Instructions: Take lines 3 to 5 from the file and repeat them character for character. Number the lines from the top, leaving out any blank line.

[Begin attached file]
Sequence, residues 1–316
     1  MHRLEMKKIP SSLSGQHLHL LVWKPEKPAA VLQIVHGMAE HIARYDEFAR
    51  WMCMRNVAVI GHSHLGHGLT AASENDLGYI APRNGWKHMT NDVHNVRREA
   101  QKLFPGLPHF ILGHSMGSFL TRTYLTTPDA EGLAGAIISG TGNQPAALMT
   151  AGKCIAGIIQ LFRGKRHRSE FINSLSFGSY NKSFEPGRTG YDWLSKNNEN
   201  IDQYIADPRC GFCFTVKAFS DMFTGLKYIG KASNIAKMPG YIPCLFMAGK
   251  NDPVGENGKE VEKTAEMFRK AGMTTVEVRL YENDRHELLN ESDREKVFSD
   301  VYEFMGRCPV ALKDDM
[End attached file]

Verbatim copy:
    51  WMCMRNVAVI GHSHLGHGLT AASENDLGYI APRNGWKHMT NDVHNVRREA
   101  QKLFPGLPHF ILGHSMGSFL TRTYLTTPDA EGLAGAIISG TGNQPAALMT
   151  AGKCIAGIIQ LFRGKRHRSE FINSLSFGSY NKSFEPGRTG YDWLSKNNEN